Tryptophan is an essential amino acid. There are 20 common amino acids, eight of them are essential, while the other twelve are non-essential. The difference between essential and non-essential amino acids is that non-essential amino acids are naturally produced by the body, where as the essentials are not. These must be obtained from the diet.
In food, tryptophan is the least abundant amino acid. However, the richest dietary sources of tryptophan include bananas, dried dates, milk, cottage cheese, meat, fish, turkey, and peanuts. One particularly popular source of tryptophan is turkey. Since increased levels of tryptophan stimulate the production of serotonin, which increases sleepiness, people tend to be tired after eating large amounts of it.
There is no official recommended dietary allowance for tryptophan. The estimated adult daily requirement is less than 1.5 milligrams per pound of body weight. Infants require 7 times that amount; children need less than 2 milligrams per pound.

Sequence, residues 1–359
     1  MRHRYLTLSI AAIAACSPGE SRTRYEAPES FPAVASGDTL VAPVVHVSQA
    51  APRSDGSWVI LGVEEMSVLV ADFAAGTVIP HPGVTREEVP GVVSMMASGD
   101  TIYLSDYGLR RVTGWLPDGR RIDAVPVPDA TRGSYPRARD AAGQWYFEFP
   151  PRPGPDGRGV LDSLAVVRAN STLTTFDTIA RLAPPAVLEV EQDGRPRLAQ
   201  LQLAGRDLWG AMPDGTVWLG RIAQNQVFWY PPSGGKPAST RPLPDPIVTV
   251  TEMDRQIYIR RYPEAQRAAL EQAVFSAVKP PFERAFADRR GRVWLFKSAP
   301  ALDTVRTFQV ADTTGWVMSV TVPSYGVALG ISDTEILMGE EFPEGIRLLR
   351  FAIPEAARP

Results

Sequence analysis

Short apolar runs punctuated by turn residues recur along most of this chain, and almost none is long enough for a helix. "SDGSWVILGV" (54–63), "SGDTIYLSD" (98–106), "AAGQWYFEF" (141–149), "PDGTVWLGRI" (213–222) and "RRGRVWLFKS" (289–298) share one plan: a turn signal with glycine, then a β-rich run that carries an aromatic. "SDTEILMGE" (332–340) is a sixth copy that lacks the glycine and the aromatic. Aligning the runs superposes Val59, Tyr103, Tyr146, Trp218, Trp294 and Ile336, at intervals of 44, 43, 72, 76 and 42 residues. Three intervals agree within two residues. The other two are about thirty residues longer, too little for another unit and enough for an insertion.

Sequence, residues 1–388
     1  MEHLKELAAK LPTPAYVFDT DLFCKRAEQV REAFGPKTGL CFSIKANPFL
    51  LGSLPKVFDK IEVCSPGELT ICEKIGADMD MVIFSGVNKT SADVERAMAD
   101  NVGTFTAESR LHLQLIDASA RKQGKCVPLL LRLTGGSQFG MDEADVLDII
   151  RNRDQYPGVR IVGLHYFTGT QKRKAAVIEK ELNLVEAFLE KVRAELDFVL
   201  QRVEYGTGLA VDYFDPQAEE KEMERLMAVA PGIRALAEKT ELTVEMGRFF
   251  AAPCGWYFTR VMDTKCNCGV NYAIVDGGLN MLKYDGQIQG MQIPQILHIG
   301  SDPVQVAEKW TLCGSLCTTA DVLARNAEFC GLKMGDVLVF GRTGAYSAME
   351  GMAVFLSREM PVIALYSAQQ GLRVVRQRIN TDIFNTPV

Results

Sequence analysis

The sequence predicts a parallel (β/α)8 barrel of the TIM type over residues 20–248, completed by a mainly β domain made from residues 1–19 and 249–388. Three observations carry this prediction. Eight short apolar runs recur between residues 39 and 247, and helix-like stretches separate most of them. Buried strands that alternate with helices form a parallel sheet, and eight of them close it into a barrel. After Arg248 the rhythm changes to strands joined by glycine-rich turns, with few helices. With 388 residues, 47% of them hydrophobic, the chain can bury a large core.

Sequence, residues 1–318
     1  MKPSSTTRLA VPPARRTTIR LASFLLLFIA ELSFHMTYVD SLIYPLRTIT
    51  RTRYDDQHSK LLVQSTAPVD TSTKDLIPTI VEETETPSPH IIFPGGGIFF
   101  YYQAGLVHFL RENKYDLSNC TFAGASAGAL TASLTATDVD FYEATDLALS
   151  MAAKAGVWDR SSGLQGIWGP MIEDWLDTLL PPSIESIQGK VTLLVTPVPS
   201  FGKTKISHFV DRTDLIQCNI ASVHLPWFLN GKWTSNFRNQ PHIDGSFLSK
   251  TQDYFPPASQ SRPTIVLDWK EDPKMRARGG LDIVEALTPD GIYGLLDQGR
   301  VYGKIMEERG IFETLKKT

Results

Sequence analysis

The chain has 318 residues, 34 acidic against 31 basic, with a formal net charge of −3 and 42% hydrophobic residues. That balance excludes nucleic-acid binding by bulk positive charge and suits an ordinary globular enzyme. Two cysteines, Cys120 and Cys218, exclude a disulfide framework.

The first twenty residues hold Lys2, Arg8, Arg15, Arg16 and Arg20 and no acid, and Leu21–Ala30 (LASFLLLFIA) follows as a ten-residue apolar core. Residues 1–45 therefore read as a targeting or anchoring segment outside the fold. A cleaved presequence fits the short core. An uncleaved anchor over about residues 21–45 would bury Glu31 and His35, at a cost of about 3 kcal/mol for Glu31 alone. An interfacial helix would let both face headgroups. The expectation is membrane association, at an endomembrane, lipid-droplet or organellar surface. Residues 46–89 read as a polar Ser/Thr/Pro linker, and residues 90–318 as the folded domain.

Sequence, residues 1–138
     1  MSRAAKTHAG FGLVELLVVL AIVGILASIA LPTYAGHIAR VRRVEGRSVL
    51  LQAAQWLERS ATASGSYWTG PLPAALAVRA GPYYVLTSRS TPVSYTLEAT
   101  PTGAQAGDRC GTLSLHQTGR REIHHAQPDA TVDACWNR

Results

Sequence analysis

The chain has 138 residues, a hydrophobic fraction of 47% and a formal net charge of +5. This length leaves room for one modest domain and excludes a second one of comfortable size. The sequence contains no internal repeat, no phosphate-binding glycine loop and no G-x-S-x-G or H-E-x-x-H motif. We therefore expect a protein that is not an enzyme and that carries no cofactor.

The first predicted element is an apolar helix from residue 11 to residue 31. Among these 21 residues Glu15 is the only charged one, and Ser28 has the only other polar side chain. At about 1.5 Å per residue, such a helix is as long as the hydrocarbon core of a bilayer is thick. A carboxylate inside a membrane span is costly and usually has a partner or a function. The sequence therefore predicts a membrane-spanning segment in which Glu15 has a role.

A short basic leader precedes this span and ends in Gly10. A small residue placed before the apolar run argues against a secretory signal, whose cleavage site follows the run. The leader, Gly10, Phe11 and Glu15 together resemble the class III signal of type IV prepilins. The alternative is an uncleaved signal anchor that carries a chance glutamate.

Amino acids bond with each other through condensation reactions. (ETC) Amino acids exist in two isomers. They have either left or right-handed forms, and are named L and D, respectively. Organisms can only synthesize the L form. The D form tends to have no function in most cases.
Each amino acid contains an identical backbone, which is made up of a carbon chain, as well as amine and carboxyl functional groups. Amino acids differ in their unique side chains. They can be made up of anything from a single hydrogen atom, to a complex 10-carbon molecule.
Tryptophan is unique in that its side chain is also the center of the serotonin molecule. Serotonin is a neurotransmitter. This means that it regulates the transmission of nerve impulses in the brain. In the brain, tryptophan is converted to 5-hydroxytryptophan (5-HTP). This...